Richard Rodney Bligh
1737-1821. Baptised at Gosport on 8 November 1737, he was the son of Richard Bligh and of his wife, Anne Page. His father came from a family long established in Looe, Cornwall, and served as a lieutenant under his patron, Captain George Brydges Rodney. He was the uncle of Rear-Admiral John Bligh and a distant cousin of Admiral William Bligh. The future Admiral Lord Rodney became his godfather and was hugely instrumental in fostering his early career.
Bligh entered the Navy in 1750 aboard the Rainbow 44 commanded by Captain Rodney, and was aboard the flagship Ramillies 90, Captain Arthur Gardiner, at the Battle of Minorca on 20 May 1756 that led to the court-martial and execution of the unfortunate commander-in-chief, Vice-Admiral Hon. John Byng. On 30 September 1757 he was commissioned lieutenant of the Nightingale 24, Captain James Campbell, and on 22 October 1762 was promoted commander of the sloop Virgin 12 by Vice-Admiral Rodney, having gone out with his patron to the Leeward Islands. This vessel was paid off at Antigua on 11 May 1764, whereupon he remained unemployed for the next ten years.
In October 1774 he was appointed to the sloop Wasp 8, and he saw service out of Passage, County Cork, Ireland from the following month. In October 1775 he brought sixty volunteers from Ireland into Plymouth, and in June 1776 sailed from Portsmouth to Plymouth with money for the dockyard artificers. Towards the end of August, the Wasp arrived off the Devonshire port with ten transports bound for North America, and she then sailed for Ireland. Returning to Plymouth, she went out on a cruise in November and put into Falmouth in January 1777. By April she was preparing for convoy duty from Dublin, and she appears to have remained serving in the Irish Sea until the autumn.
Bligh was posted captain of the store ship Camel 24 on 6 December 1777, this advancement representing a considerable delay of fifteen years since his previous promotion. On 20 December he sailed from Portsmouth for Cork to collect the West Indies convoy, and his command departed for Jamaica from the Irish port on 25 January 1778 with sixty-eight merchantmen. Whilst in the West Indies he captured several French merchantmen, and the Camel returned home with the Jamaica convoy, passing Portsmouth for the Downs on 7 August 1779. Four days later she came back to Portsmouth, from where she sailed within a week for the Needles with several light transports which were to be sunk as block ships should the combined fleets of the enemy slip past the British fleet as it made its retreat up the Channel under Admiral Sir Charles Hardy.
In September 1779 it was reported that the Camel was fitting out for foreign service, but instead she moved down to Spithead several weeks later and joined Commodore Charles Fielding’s squadron which controversially detained a Dutch convoy in the Channel on 31 December. Bligh next commissioned the newly built frigate Nemesis 28, which was launched in Liverpool on 23 January 1780, and eventually sailed from that port in June. By July she was in the Portland Roads with a convoy for Ireland, and whilst cruising on the latter station she chased a lugger privateer ashore in Slabbersludge Bay, near Bray Head. The Nemesis departed Dublin in early August with the trade for Bristol and London, and by 25 October she was at Portsmouth with another convoy for Ireland.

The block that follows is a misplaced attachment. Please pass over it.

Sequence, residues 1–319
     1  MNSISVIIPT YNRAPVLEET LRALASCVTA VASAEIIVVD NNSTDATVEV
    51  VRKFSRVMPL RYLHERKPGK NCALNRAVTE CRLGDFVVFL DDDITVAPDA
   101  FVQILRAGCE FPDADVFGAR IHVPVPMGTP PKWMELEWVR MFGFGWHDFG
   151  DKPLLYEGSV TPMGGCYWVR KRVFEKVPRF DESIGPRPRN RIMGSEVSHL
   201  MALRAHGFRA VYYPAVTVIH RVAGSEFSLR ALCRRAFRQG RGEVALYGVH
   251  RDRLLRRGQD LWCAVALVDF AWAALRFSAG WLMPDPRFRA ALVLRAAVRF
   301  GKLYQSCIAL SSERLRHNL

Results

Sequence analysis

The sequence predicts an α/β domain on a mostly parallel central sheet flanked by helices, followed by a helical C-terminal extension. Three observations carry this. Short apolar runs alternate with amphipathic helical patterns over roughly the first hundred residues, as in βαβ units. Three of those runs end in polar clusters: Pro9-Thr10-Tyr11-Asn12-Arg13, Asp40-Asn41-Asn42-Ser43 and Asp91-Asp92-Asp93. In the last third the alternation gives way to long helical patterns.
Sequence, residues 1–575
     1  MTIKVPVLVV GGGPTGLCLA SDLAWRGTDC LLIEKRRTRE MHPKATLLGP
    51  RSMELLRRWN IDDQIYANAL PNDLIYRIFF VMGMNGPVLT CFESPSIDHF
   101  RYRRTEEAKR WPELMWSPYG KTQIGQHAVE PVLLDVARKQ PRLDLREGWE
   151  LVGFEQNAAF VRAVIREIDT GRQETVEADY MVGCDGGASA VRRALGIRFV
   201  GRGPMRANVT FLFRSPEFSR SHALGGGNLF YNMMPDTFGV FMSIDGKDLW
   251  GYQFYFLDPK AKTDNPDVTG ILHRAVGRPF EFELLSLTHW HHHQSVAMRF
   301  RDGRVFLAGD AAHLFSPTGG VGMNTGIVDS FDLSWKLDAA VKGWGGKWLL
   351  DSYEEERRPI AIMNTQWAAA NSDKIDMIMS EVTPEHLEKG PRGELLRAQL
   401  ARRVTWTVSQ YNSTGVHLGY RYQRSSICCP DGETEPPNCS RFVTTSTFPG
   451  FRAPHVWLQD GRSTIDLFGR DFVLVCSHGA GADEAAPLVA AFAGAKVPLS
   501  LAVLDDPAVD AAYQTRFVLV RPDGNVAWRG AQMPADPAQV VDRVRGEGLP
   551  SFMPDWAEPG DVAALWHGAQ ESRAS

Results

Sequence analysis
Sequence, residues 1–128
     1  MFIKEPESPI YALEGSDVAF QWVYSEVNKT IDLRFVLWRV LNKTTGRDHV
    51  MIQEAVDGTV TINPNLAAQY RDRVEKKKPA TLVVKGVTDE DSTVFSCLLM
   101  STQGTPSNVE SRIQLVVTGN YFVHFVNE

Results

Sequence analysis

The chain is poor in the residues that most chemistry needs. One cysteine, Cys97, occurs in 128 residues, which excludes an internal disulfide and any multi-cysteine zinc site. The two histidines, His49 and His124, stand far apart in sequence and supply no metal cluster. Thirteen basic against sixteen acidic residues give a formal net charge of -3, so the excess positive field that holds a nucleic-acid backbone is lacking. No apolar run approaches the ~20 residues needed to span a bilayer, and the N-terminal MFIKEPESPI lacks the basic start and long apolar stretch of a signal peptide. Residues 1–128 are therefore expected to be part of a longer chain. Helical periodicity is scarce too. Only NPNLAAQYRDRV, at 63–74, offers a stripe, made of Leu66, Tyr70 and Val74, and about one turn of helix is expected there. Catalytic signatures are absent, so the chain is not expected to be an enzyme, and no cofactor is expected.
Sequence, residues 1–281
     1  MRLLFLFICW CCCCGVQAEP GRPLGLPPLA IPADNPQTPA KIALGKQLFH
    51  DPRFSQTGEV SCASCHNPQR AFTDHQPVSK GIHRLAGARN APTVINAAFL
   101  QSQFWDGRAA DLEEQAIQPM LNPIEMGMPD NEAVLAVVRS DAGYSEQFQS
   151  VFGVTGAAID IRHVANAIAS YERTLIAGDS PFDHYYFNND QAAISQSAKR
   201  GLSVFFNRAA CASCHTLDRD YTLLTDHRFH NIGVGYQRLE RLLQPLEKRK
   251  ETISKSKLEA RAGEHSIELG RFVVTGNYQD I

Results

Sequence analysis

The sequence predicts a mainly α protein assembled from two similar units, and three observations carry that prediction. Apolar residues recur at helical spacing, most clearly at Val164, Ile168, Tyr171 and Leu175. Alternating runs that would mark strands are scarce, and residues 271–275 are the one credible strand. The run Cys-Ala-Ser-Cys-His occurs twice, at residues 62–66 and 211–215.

In early January 1781 it was reported that whilst off the French coast the Nemesis had captured a richly laden ship from Smyrna valued at one hundred thousand guineas, the modern-day value of this prize being £18m. She reached Plymouth shortly afterwards where she was required to perform quarantine in the Sound, and here her cable was almost shredded by a storm in February. On 13 March she arrived at Bligh’s old stamping ground of Passage in County Cork, and in April she convoyed a Liverpool privateer and her prize, a ship from Cap François, across to the mainland. During May the Irish press was critical of the capture of so many vessels by enemy privateers in the Irish Sea, and the Nemesis was accused of being ‘frozen by enchantment’ when two vessels were captured in Waterford Bay whilst she was lying there. Her reputation was somewhat restored when she captured the French privateer Alliance 18 off Waterford on 5 June, although a later twelve-hour chase of the privateer cutter Princess de Robeck 18 was unsuccessful, allowing that vessel to snatch a couple of merchant ships.
By 25 August 1781 the Nemesis was with the fleet at Spithead, having recently arrived from Ireland with a convoy, and she then went into harbour. At the end of September she sailed for Plymouth with money for the dockyard workers, from where she departed with the trade for Ireland. By 16 December she was at Milford Haven in Wales, and returning to Ireland she was off Waterford in February 1782 when she sprung her main-topmast during the chase of another privateer.
In April 1782 Bligh recommissioned the Asia 64 at Chatham, and once manned she sailed from the Nore for Spithead to join the Channel Fleet in July. During the following month she put out on a cruise with Commodore William Hotham’s squadron, and she was present at Admiral Lord Howe’s relief of Gibraltar on 18 October. She then sailed for Cork with Vice-Admiral Mark Milbanke’s six sail of the line in November, from where the squadron departed for Plymouth on the 13th. Although she was next under orders to join a reinforcement going out to the Leeward Islands, the Asia was still in Plymouth Sound during January 1783 and she arrived at Chatham to be put out of commission on 20 March.
During the Dutch Armament in October 1787 Bligh recommissioned the Pégase 74, paying her off in the following February, and during the Spanish Armament in 1790 he joined the recommissioned Dictator 64 as flagship of Rear-Admiral Sir Richard King in the Downs during August, retaining her for the following eight months.